Marriage is not
a house, view or even a tent
it is before that, anesthetist and colder:
the edge of the forest, the edge
of the desert
the unpainted stairs
at the back, where we squat
outdoors, eating popcorn
Well, was her birthday. Past tense. According to the calendar, anyway.
But we've adjusted the calendar. Her birthday is now on Saturday. And we are doing anything and everything that she wants. Which includes, if...
There’s a post at Babble this week by a mom who regrets having been too obsessed with photographing every moment of her family’s life. She forced herself to put the camera down, and, she says, is happier for it. “While I still desperately want my boys to be able to look through photo albums of their childhood and feel a deep sense of love and family,” she writes, “I also want them to remember that I ran into the cold Maine surf right beside them, that I danced the night away with them in my arms at their auntie’s wedding, and that I simply sat with them while they talked about cars and firemen and bugs. That I did not leave them to grab my camera — no matter how adorable they looked. Instead, I stayed and I listened.”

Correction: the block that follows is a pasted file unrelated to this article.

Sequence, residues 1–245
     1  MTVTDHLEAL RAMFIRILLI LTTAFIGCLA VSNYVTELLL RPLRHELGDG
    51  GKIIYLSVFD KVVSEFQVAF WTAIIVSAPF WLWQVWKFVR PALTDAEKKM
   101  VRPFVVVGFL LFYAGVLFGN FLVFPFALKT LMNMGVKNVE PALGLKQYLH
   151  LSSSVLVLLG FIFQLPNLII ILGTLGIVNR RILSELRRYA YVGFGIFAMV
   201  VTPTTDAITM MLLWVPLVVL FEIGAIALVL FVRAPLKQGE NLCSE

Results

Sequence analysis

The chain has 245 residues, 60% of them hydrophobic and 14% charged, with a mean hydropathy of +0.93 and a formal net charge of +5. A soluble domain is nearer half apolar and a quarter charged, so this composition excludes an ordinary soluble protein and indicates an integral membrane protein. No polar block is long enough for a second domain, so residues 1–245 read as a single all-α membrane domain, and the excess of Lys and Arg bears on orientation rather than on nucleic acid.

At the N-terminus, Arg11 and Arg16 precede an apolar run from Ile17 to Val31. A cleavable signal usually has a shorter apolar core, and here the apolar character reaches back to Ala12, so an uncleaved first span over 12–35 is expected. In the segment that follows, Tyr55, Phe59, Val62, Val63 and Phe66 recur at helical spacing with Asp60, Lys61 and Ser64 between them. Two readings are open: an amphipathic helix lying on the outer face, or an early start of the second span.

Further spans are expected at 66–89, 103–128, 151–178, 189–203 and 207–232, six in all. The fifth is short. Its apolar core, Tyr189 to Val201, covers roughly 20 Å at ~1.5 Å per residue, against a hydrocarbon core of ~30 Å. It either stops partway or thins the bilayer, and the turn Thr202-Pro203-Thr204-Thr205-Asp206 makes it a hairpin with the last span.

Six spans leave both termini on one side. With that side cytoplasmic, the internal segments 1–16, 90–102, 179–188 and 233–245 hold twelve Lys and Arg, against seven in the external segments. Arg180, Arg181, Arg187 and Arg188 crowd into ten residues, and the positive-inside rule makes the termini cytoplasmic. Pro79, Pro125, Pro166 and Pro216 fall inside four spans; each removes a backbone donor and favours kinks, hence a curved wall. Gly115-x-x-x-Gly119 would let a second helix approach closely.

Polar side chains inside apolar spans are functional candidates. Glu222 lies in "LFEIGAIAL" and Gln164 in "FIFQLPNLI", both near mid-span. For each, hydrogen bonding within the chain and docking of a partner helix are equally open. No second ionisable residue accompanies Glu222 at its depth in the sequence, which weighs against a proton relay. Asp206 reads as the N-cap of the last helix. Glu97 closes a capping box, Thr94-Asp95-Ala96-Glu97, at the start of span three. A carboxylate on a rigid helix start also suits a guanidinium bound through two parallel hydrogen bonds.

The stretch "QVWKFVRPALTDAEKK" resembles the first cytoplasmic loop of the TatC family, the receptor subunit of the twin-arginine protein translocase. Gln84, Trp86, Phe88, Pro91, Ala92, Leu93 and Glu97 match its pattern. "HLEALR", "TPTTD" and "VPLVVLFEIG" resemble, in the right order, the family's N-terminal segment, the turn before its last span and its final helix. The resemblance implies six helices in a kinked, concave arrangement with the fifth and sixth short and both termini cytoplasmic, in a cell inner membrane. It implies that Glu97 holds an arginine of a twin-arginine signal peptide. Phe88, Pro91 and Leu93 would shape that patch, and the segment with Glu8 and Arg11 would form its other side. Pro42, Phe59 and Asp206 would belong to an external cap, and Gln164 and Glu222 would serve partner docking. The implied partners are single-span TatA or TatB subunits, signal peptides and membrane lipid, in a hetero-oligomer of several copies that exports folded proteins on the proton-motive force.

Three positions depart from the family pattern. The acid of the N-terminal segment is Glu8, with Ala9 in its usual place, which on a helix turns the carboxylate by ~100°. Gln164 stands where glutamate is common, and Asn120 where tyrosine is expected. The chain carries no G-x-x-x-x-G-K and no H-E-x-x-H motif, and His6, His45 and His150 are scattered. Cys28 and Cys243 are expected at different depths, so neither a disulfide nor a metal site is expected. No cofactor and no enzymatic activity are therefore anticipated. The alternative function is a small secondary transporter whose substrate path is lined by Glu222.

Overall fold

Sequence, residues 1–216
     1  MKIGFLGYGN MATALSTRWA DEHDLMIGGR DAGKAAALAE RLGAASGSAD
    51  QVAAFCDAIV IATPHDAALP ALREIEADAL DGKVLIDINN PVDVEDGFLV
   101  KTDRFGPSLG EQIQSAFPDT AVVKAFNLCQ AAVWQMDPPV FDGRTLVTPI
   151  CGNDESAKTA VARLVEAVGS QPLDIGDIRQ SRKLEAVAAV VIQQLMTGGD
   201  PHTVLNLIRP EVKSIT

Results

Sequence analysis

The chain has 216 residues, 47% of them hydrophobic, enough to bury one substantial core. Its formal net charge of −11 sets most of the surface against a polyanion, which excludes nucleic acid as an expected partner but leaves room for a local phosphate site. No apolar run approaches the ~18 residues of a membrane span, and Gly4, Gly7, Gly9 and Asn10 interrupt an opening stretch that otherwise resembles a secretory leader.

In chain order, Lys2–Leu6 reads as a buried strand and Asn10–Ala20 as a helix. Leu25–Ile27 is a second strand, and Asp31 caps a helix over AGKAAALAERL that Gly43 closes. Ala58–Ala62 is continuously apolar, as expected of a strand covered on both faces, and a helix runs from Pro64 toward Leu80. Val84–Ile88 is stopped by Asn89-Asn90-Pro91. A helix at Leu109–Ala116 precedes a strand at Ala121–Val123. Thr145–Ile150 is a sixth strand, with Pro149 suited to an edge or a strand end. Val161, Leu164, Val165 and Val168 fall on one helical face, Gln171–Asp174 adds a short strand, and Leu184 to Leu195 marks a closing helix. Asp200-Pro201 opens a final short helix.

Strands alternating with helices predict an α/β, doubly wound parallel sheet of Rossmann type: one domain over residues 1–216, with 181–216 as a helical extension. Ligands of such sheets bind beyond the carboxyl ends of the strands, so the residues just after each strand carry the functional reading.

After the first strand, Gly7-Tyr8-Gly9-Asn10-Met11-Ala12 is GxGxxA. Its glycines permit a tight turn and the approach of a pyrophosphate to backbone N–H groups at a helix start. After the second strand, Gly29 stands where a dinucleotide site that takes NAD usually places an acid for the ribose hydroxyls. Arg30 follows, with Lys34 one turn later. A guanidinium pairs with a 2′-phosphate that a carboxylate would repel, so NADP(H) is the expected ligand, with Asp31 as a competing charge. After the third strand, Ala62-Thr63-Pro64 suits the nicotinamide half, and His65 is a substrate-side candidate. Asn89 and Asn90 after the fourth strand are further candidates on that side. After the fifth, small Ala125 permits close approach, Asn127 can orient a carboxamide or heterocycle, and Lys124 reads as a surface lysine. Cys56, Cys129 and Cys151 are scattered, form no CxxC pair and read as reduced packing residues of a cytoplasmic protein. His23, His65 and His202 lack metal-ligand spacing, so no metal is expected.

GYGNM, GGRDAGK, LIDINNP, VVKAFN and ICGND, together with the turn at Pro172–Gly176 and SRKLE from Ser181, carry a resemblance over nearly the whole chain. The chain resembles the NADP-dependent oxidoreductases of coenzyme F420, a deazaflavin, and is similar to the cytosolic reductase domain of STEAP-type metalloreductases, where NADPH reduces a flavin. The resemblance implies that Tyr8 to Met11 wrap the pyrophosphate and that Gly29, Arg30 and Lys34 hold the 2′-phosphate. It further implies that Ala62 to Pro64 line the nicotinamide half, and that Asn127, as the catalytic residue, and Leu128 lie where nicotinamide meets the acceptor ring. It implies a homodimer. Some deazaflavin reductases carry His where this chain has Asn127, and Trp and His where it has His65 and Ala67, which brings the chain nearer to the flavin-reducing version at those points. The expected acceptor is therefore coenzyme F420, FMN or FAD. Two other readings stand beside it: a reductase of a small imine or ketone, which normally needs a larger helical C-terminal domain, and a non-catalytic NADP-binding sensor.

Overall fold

Which is lovely, really, and I get it, I do. There is a difference between living a moment and documenting a moment, between being in and aware of the lived experience of a moment and being an observer of that experience. Here’s the thing, though: each of those experiences is a discrete and unrepeatable experience. It happens once, and only once. Which is, perhaps, all the more reason to just live each experience as fully as possible. It’s also, however, an excellent reason to seize those experiences – some of them, anyway – and do whatever we can to hang on to them. Photographs are one way of doing that.